1. What’s interesting is that Wheeler does not come from the incumbent LEC side of the business. I wonder how that background will color his decisions?

    Strictly speaking, while Comcast’s system may use packet technology to transport the signal from the home to their headend, it has all the characteristics of a POTS line (numbers could be ported, fax supported, CLASS features support, etc. battery back-up). I believe they went through the normal FCC and PUC regulatory framework to offer home and business services.

    Interestingly, and I noted this in the previous Viodi View, Comcast have backed away from battery back-up. Now, they put the onus on the subscriber to purchase their own battery back-up:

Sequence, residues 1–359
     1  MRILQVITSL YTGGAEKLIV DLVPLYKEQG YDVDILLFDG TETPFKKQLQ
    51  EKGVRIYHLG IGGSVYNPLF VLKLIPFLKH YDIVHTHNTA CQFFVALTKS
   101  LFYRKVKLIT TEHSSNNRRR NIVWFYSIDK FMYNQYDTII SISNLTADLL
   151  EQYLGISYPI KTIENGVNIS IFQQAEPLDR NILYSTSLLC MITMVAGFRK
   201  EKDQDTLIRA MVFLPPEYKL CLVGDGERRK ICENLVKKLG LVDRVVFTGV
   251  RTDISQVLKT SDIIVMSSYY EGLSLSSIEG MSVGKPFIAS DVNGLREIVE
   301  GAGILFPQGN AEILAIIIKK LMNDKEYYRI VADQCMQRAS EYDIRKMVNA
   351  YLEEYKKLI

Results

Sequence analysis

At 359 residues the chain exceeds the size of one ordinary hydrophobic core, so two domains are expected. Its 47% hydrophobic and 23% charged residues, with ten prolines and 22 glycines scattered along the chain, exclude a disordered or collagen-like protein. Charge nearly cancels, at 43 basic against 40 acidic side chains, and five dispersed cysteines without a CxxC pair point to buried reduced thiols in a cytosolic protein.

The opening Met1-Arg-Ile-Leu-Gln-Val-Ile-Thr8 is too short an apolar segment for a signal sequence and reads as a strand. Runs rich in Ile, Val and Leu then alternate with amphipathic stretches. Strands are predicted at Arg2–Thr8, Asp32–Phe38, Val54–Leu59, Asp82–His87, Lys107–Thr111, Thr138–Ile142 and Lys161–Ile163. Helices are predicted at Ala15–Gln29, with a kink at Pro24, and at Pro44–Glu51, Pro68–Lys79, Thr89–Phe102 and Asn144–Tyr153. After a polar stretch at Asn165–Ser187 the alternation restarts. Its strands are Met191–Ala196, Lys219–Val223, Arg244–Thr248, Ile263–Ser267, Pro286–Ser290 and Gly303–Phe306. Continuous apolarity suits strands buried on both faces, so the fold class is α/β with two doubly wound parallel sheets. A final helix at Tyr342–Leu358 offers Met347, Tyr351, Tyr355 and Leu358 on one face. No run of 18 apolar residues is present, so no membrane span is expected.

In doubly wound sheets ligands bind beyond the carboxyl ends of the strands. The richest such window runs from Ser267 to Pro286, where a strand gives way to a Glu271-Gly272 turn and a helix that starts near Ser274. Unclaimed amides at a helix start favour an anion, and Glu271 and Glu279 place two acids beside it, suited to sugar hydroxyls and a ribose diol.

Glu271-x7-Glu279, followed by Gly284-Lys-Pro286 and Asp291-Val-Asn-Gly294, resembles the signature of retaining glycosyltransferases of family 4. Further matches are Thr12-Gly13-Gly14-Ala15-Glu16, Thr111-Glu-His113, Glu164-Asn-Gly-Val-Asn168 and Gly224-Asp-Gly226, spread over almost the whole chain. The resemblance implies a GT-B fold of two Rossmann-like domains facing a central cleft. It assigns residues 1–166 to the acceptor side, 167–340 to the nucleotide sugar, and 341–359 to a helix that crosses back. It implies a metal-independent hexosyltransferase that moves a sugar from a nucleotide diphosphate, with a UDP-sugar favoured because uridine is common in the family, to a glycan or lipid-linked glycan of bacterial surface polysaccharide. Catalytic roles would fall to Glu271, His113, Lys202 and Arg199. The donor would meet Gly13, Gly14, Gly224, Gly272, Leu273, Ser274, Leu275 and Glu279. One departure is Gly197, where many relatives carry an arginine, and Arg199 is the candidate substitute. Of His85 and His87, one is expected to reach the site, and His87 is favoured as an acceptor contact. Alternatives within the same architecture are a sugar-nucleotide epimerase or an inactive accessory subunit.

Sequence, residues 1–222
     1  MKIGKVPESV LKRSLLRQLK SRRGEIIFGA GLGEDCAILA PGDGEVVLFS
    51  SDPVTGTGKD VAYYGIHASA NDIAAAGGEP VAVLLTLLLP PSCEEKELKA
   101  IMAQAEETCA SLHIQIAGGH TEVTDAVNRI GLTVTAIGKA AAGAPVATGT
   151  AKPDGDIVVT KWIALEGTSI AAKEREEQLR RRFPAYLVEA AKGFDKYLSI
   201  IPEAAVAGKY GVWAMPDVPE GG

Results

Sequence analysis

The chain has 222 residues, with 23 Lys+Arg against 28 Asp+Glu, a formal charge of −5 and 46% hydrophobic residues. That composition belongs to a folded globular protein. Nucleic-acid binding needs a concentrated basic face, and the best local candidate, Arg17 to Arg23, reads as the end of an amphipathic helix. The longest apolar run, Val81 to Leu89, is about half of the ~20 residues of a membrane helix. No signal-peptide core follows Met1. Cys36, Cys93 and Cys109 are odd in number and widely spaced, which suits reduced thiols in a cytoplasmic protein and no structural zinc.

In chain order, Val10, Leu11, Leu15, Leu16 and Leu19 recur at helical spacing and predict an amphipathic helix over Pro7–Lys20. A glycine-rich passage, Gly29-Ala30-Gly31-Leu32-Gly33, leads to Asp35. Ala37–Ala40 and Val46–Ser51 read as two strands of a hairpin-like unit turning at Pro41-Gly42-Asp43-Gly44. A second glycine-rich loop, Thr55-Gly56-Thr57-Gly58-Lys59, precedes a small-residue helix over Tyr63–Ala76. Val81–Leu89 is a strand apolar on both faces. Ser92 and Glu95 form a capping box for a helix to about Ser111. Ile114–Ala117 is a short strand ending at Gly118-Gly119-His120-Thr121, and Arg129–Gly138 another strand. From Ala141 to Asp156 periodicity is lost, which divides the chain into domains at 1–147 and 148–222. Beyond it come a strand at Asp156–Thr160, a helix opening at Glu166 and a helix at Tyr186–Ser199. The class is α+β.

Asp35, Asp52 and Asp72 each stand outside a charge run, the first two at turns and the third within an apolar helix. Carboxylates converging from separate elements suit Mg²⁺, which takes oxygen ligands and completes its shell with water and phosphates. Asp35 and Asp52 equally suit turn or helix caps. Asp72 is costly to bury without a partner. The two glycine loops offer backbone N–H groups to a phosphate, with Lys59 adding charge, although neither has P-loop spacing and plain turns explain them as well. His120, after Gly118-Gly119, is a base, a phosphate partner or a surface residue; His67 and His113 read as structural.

http://forums.comcast.com/t5/Customer-Service/Arris-TG862G-Backup-Battery/td-p/1647819

    It wouldn’t be surprising if other FTTP providers take a similar stance and have the consumers pay the cost of the batteries. Of course, those other providers could differentiate by actually supplying a reliable phone system that doesn’t go away when the power goes (like the way it used to be).

    It will be interesting to see if Wheeler takes a laissez-faire approach to regulation that will allow operators to decide how best to configure the service to meet their business needs (e.g. not supplying battery back-up as a business choice) or whether he will advocate for prescriptive regulations.

  2. I think the most important goal for Wheeler and the FCC is to bring back competition for residential broadband. There really is none in most areas of the U.S. now- usually one telco (AT&T or VZ) and one cableco (Comcast, TW Cable, etc). The broadband CLECs that were around in the late 1990s have disappeared!